Chronic Style

A blog about living stylishly with a few chronic illnesses.


Amongst my top five least favorite things that people often say to me is this statement (or something similar to it): “You can eat that? My friend with Crohn’s can’t eat/drink that.” It makes me mad just thinking about it and is, in my mind, akin to asking someone who cannot eat shellfish why other humans can eat shellfish. Perhaps this is why I love this piece by David Obuchowski so much.

David is a touring musician with a severe case of Crohn’s disease — and he loves craft beer…a lot. Check out his piece on Drunkspin’s The Concourse. Lots to learn about beer here, which I for one, love.

Image by Sam Woolley.

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I was incredibly inspired by my colleague Jose Colucci‘s daughter, Lina Colucci, and her TEDx Brussels performance/talk about hacking medicine. As someone who has worn painful pointe shoes (and still have the awful feet to prove it), taken multiple medicines, and used a breast pump, I found quite a lot to empathize with here. I know you will too.

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(Yep, it’s been over three months since I blogged so let me apologize for that first and foremost. New year, new resolution — we’ll see how I do!)

The big news: at the end of November, I gave birth to a baby boy, Kai. Throughout the 10-month stretch, I remained pretty quiet about my pregnancy in terms of my illnesses. As you can imagine, we — my husband and I — were cautiously optimistic going into everything and only made the decision to try for a baby after many tests and gaining the consent of many doctors. Knock on wood, everything went incredibly well. Kai was born at full term weighing 8 lbs 3 oz, 22.75 inches (very tall!) and his Apgar score was near perfect.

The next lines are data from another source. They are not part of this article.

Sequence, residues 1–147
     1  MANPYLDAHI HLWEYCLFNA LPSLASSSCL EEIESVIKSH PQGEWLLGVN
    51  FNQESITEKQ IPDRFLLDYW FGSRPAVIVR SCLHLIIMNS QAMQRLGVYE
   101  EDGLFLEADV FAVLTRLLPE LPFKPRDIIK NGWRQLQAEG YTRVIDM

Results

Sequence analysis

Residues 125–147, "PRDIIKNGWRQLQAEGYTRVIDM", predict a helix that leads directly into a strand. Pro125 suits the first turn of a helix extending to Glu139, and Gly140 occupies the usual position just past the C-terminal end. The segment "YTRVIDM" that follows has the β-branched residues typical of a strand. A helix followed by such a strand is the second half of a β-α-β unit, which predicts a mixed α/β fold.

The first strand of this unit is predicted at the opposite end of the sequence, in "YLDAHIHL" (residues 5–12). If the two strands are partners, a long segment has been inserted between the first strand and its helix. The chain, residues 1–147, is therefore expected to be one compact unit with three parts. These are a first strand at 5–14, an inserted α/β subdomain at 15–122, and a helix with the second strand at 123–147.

Over the next few months of maternity leave, it is my hope to reflect upon the experience of going through pregnancy and childbirth being “high-risk” and maintaining my health while remaining on Cimzia. For any of you wondering, Cimzia is a class B drug (in the same category as Benadryl and Pepcid).

I’m also involved in a study with Cimzia + pregnancy and have already received some of the results from the first round of tests. Here’s the initial great news and I’ll share more as I receive it: a blood draw of the baby’s blood just after birth (literally, minutes after birth), as well as the cord blood, showed no traces of Cimzia. My own blood showed very low traces of the drug, but I wasn’t so concerned with my own draw as you can imagine.

When making the decision to remain on Cimzia, I’d been told that because of the size of the molecules in the drug, it would not cross the placenta. It wasn’t until I was informed of the results of my own tests that I truly believed it. To say I was relieved would be the understatement of the century.

As always, it’s important to know that I’m not a doctor by any stretch of the imagination. I am however a very resourceful and proactive patient. During my pregnancy I was constantly searching for examples of women who’d had babies while on Cimzia and did not uncover much. So if you’ve found this post because you too are searching for answers, please feel free to reach out to me directly and I can hopefully point you in the right direction!

Happy new year Chronic Stylers and stay tuned.

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